9. 9.
    E. Oja, A simplified neuron model as a principal component analyzer, J.Afath. Biol. 15: 267–273 (1982)CrossRefGoogle Scholar
  10. 10.
    T. Kohonen, Self-organized formation of topological correct feature maps. Biol. Cybern. 43: 59–69 (1982)CrossRefGoogle Scholar
  11. 11.
    C.W. Lin, J.C. LaManna, and Y. Takefuji, Quantitative measurement of two-component pH-sensitive colorimetric spectra using multilayer neural networks, Biol. Cvbern. (in press)Google Scholar
  12. 12.
    T. Kohonen, An adapative associative memoryprinciple, IEEE Compnt. 23: 444–445 (1974)CrossRefGoogle Scholar
  13. 13.
    P. Baldi, and K. Hornik, Neural networks and principal component analysis: learning from examples without local minima, Neural Networks 2: 53–58 (1989)CrossRefGoogle Scholar
  14. 14.
    T.D. Sanger, Optimal unsupervised learning in a single-layer linear feedforward neural network, Neural Networks, 2: 459–473 (1989)CrossRefGoogle Scholar
  15. 15.
    D.E. Rumelhart, and J.L McClelland, “The PDP Research Group: Parallel Distributed Processing”, MIT Press, Cambridge (1988)Google Scholar
  16. 16.
    J. Rubner, and K. Schulten, Development of feature detector by self-organization, Biol. C vbern. 62: 193–199 (1990)CrossRefGoogle Scholar
  17. 17.
    B.J. Wythoff, S.P. Levine, and S.A. Tomellini, Spectral peak verification and recognition using a multi-layered neural network, Anal. Chem. 62: 2702–2709 (1990)PubMedCrossRefGoogle Scholar
  18. 18.
    B. Meyer, T. Hansen, D. Nute, P. Albersheim, A. Darvili, W. York, and J. Sellers, Identification of the 1H-NMR spectra of complex oligosaccharides with artificial neural networks, Science 251: 542–544PubMedCrossRefGoogle Scholar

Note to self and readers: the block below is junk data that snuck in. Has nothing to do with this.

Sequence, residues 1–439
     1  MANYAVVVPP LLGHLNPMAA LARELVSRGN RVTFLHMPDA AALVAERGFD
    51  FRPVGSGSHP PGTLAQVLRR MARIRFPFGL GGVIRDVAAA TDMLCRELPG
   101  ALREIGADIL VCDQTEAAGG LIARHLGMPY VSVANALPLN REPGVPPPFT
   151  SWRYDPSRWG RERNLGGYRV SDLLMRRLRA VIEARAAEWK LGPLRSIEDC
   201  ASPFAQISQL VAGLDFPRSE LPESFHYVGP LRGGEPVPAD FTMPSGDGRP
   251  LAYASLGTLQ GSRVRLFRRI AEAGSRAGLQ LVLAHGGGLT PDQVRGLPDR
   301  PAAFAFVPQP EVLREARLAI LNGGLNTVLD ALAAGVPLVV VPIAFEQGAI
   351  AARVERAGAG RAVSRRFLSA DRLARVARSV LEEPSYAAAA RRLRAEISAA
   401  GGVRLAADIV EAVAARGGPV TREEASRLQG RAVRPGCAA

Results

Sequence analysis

19. 19.
    J.E. Whitaker, R.P. Haugland, and F.G. Prendergast, Spectral and Photophysical studies of Ben­zo[c]xanthene dyes: dual emission pH sensors, Anal. 13iochem. 194: 330–344 (1991)CrossRefGoogle Scholar
  20. 20.
    O. Seksek, N. Henry-Toulmé, F. Sureau, and J. Bolard, SNARF-1 as an intracellular pH indicator in laser microspectrofluorometry: a critical assessment, Anal. Biochern. 193: 49–54 (1991)CrossRefGoogle Scholar
  21. 21.
    K.J. Buckler, and R.D. Vaughan-Jones, Application of a new pH-sensitive fluoroprobe (carboxy-SNARF-1) for intracellular pH measurement in small, isolated cells, Pflfigers . Arch. 417: 234–239 (1990)CrossRefGoogle Scholar
  22. 22.
    S. Bassnett, L. Reinisch, and D.C. Beebe, Intracellular pH measurement using single excitation-dual emission fluorescence ratios, Ant. J. Physiol. 258: C171–C178 (1990)Google Scholar
  23. 23.
    J.C. LaManna, and K.A. McCracken, The use of neutral red as an intracellular pH indicator in rat brain cortex in vivo. Anal t. Biochern. 142: 117–125 (1984)CrossRefGoogle Scholar
  24. 24.
    T.J. Sick, T.S. Whittingham, J.C. LaManna, Determination of intracellular pH in the in vitro hippocam­pal slice preparation by transillumination spectrophotometry of neutral red. J. Neurosci. M. 27: 25–34CrossRefGoogle Scholar

Copyright information

© Springer Science+Business Media New York 1994

Authors and Affiliations

  • Chii-Wann Lin
    • 1
  • Joseph C. LaManna
    • 2
  1. 1.Department of Biomedical EngineeringCase Western Reserve University, School of MedicineClevelandUSA
  2. 2.Department of Neurology, Physiology/Biophysics, and NeurosciencesCase Western Reserve University, School of MedicineClevelandUSA

Personalised recommendations